Recently, PayScale, Inc. released their 2017 Compensation Best Practices Report (CBPR). One key metric pulled from the report is that wages in the nonprofit industry have fallen behind the national average. Nonprofit wages outpaced the national average during the recession. Since then, however, nonprofit wages have failed to keep pace.
“[At a] nonprofit, there’s sometimes a temptation or even an imperative towards fairness in a values-driven environment,” wrote Mykkah Herner, PayScale’s Modern Compensation Evangelist, in an article accompanying the PayScale report.
Nonprofits seem to often struggle with whether or not to pay fundraising staff competitively to market, or use an internal bar for paying them and focus on paying equitably across the organization and the programmatic staff.
“Your choice will depend on your organization and how well you can communicate the rationale behind your pay strategy. You can pay both groups the same, depending on their level of responsibility and contribution to the organization,” wrote Herner. “If you decide to do so, you’ll have to decide if you intend to overpay programmatic jobs or underpay fundraising or development jobs.”
PayScale produced a nonprofit specific fact sheet from their data. Included with in the fact sheet are key nonprofit insights, such as:
- Nonprofit organizations are twice as likely as other organizations to base increases on cost of living
- Compliance, both minimum wage and FLSA, impacted compensation strategies for nonprofits in 2016
- Nonprofits are more focused on perks and less on cash than other organizations, also much less likely to utilize variable pay
PayScale believes organizations are now taking an updated approach to their pay policies and processes to build trusting relationships with employees and drive deeper engagement. However, the research also shows a chasm still exists around compensation, as employers were more than twice as likely as employees to believe pay is already fair. Employers can do even more to modernize their pay practices, such as increase pay transparency, use current market data to set pay and train managers to initiate open dialogue about pay so their employees feel valued and — ultimately — don’t look for greener pastures elsewhere.
“Our most recent research shows that many companies are moving away from pay as a transactional experience that has historically been shrouded in secrecy. We’re also seeing that ‘how’ a company pays is really as important as ‘what’ a company pays its employees,” said Mike Metzger, president and CEO at PayScale. “Compensation policies reflect the culture at an organization. Employers who pay fairly for competitive positions and foster open dialogue around pay will build more trusting relationships with their employees that, in turn, will impact the bottom line.”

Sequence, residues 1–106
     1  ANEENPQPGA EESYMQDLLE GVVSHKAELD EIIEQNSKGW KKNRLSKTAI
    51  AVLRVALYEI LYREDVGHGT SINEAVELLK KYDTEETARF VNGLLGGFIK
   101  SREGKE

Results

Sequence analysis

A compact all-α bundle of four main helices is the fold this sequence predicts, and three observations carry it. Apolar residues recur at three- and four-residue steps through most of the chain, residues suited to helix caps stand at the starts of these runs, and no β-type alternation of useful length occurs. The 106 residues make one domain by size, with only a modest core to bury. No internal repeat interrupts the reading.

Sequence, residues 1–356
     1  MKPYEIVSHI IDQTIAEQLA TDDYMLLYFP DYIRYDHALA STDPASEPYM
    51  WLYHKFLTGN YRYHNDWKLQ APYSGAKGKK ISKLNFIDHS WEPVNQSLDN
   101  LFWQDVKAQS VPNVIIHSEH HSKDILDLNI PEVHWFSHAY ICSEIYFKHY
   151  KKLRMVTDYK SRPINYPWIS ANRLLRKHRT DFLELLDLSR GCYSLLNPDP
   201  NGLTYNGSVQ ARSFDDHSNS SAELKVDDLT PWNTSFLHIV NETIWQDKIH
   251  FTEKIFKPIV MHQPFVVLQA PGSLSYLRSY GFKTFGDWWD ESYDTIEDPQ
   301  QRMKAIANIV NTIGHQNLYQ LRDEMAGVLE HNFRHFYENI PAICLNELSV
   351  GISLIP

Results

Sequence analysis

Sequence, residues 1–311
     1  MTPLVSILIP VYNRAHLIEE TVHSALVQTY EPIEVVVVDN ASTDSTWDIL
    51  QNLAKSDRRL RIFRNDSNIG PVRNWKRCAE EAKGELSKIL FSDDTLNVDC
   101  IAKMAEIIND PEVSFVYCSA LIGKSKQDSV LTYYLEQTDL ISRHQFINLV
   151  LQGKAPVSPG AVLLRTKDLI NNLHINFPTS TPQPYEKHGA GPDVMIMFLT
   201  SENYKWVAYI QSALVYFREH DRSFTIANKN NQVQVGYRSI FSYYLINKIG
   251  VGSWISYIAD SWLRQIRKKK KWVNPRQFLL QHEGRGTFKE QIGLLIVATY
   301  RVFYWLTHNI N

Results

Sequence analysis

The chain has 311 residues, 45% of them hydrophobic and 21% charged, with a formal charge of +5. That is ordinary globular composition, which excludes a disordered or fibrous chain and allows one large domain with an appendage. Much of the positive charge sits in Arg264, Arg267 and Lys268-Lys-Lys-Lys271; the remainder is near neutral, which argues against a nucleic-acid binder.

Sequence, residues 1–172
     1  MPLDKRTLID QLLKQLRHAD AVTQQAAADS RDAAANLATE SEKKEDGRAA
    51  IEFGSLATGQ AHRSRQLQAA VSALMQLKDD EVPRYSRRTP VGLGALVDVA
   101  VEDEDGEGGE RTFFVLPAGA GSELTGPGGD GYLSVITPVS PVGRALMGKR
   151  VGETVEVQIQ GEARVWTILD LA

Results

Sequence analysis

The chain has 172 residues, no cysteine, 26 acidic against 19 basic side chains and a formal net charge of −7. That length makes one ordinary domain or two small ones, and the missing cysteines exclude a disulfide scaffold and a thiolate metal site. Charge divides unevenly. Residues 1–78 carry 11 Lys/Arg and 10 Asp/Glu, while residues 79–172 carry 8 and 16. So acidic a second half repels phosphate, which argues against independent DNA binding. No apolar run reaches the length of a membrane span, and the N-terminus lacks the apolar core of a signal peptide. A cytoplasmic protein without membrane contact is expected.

Below are additional across-sector findings about pay practices and employer attitudes from the 2017 Compensation Best Practices Report, including compensation approaches from top-performing organizations:
- Employers and employees disagree on “fair pay.” Forty-four percent of employers say their employees are fairly paid, but only 20 percent of employees agree.
- Organizations set their sights on increased transparency. Currently, 31 percent of organizations identify themselves as being transparent (a level three or greater on PayScale’s Pay Transparency Spectrum). Nearly half of all organizations aim to be transparent in 2017 (49 percent).
- 2016 marks the return of cash. Thirty-four percent of organizations say the highest base pay increase they gave to an employee topped 10 percent. In addition, 11 percent reported an average increase over 5 percent.
- The C-Suite cares even more about comp. Fifty-seven percent of organizations agree that employee compensation is becoming more important to their executives.
- Fresh data is critical. While 53 percent of organizations have done a full market study within the past year, 47 percent reference market data for individual jobs more frequently than annually. Thirteen percent do so at least weekly and that number rises to 39 percent among enterprise organizations.
- Top-performing organizations pay differently:
- They are more likely to pay higher for their most competitive jobs that impact the bottom line.
- They are more likely to train their managers to talk with employees about pay.
- They are more likely to say that they pay their employees fairly; 52 percent versus 42 percent of typical companies.
The CBPR is based on data from 7,700 survey respondents – including more than 400 nonprofit organizations. To view the entire Compensation Best Practices Report, please visit: http://www.payscale.com/cbpr